Wednesday, July 1, 2009

Star Trek--"Day of the Dove"

“Day of the Dove’ is another of the few highlights of the third season. It is a budget saving bottle show that is exciting enough to make you forget the limited stetting.

An alien cloud convinces the Enterprise a Federation colony has been destroyed. The cloud also convinces a group of Klingons Kirk has destroyed their ship. Neither event has actually occurred, but the cloud feeds off the aggressive anger of both sides in order to survive. The cloud arranges for the two sides to supplied with swords, manipulated emotions, and automatic healing of wounds in order to keep them fighting. In order to get rid of the cloud, the crew and the Klingons have to genuinely cease their mutual animosity and stop fighting.

There are several virtues ro “Day of the Dove.” One is the treatment of the Klingons. Up until this point, they had been presented as nothing but brutal warriors, conquerors. Even here Kang tells Kirk the Klingons must fight other species and take what they need to survive because there are poor planets in the Klingon Empire. This sounds like rhetoric for Kirk’s benefit. Privately to his men, Kang expresses concern about ending the conflict quickly with as few of his mwn killed as possible. He especially shows concern for his wife, though he calls Kirk’s bluff at one point in a threat to kill her so as not to appear weak.

As a bigger fan of the 24th Trek series, I appreciate the latter day Klingons more. They have a more developed society and have risen above serving as a Cold War Era Soviet stereotype. No space faring race could be all warriors. There had to be engineers, doctors, artists, and the like for their civilization to grow. If Kang were correct about his people being mere scavengers, they would still have a subsistence existence. “Day of the Dove” at least hints for the first time there is more to them than just bloody conflict.

Two, the fighting with swords was a nice touch. It allowed for some exciting duels that served two purposes. One being to prolong the anger in the heat of battle and two, to keep production from having to pay for so many phasor beam effects. I thought it was also neat how the swords were appropriate. Sulu used a Japanese katana, Scotty had a Scottish claymore, and Kirk, ever the swashbuckler, was sporting a cutlass. It is to bad Bat’leths had not been introduced yet. Traditional Klingon weapons would have added extra authenticity to the concept.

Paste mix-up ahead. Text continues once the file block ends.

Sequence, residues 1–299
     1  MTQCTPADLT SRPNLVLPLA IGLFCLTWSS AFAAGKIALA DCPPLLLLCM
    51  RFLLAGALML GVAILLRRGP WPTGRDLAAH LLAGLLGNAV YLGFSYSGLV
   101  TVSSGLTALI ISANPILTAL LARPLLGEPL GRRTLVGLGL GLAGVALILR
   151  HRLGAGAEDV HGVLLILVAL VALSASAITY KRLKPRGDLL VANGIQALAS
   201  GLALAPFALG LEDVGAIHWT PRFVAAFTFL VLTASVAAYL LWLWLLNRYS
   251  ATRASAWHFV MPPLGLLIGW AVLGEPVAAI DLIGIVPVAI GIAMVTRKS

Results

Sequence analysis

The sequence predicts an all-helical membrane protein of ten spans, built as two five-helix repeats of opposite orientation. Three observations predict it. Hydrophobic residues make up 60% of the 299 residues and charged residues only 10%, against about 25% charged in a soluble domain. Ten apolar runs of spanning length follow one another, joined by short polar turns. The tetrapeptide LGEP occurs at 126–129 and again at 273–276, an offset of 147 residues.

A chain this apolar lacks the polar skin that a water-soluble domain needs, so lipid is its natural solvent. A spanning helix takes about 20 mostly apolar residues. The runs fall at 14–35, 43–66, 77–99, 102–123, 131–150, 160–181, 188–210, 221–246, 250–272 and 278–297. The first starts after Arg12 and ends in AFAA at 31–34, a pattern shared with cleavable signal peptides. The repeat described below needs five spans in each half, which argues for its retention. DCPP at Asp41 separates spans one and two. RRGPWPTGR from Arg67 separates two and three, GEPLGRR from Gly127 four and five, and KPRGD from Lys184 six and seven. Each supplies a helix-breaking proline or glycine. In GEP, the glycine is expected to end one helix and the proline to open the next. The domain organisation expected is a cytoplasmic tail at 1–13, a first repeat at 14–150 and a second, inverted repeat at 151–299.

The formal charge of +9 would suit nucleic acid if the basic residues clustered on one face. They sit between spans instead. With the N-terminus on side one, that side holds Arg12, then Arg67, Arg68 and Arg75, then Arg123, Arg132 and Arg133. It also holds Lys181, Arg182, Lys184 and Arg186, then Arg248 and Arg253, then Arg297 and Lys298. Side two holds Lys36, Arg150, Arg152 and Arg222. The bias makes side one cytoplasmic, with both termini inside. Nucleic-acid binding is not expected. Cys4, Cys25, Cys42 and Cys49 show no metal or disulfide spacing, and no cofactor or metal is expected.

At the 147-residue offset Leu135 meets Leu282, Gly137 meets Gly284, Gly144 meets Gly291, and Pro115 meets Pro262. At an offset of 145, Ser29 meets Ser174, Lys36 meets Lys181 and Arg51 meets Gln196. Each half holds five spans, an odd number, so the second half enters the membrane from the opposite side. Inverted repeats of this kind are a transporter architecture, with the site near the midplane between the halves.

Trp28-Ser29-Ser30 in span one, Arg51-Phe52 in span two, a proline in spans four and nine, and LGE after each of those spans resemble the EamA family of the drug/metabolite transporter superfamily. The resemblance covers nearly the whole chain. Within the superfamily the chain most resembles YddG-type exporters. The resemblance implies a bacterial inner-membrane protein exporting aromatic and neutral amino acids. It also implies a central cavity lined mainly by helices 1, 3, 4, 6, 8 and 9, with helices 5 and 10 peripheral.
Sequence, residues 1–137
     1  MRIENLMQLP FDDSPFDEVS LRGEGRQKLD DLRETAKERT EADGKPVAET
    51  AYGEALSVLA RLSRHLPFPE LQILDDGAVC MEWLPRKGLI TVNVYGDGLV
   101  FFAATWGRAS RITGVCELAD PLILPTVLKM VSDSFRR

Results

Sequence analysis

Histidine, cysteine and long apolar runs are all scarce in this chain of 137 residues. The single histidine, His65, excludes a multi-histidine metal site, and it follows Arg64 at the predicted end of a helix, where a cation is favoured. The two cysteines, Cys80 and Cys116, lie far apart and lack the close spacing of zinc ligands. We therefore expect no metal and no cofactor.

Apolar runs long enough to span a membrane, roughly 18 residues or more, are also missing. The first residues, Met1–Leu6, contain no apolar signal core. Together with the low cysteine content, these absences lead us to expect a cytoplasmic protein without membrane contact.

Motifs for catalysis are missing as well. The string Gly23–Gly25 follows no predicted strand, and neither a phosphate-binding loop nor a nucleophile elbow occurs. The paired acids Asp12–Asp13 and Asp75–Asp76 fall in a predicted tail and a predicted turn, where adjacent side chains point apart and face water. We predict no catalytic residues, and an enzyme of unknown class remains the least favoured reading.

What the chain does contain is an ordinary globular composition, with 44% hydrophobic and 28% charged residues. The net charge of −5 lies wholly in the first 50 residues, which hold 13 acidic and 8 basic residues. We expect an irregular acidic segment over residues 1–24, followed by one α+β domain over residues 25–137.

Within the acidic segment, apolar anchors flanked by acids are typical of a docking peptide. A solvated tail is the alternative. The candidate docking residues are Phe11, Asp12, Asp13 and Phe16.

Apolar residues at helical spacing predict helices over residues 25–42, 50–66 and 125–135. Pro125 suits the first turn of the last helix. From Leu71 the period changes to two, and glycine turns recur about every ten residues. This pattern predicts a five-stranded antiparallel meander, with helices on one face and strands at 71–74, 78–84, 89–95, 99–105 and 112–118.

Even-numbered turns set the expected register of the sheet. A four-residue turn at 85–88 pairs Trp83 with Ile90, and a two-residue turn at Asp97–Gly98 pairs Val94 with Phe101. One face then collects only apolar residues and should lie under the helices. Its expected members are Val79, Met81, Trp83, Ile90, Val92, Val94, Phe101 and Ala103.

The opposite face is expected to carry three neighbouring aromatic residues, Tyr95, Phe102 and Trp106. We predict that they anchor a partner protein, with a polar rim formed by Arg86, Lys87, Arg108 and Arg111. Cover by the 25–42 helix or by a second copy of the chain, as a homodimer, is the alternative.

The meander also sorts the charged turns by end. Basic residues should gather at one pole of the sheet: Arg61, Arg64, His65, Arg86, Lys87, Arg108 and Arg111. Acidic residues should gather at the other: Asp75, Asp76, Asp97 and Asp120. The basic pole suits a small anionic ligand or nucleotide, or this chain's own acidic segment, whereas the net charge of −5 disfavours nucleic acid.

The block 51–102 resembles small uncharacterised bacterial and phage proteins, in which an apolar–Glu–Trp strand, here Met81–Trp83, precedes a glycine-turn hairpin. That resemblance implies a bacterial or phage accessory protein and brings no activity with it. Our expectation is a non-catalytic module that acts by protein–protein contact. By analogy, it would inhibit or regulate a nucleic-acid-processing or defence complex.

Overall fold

Finally, thestory was resolved peacefully without being corny. The original idea was for the crew and the Klingons to sing peace songs and such in order to drive the cloud away. That would have killed the episode for me. Instead, there was a temporary truce to satiafy an immediate goal without any hint everything is going to be wonderful between the parties afterwards. Too often, TOS has endings that pat. It was nice to see this one end on a more realistic note.

It is interesting to note here that Kang and Kirk appear to know each other previously. They are on a first name basis from the get go. This was probably due to the original script calling for John Colicos to reprise his role as Kor from “Errand of Mercy.” Colicos was unavailable, so one of my favorite character actors, Michael Ansara, took time out of his busy schedule being the lucky guy married to the lovely Barbara Eden in order to create the role of Kang. I like Ansara because his gravelly voice has lent itself well playing spooky villains over the years. Ansara reprised the role of Kangg for VOY and DS9 some thirty years after “Day of the Dove” and also played Lwaxana Troi’s last (?) husband in another DS9 episode. Not nearly enough appearances to suit me.

Rating; **** (out of 5)

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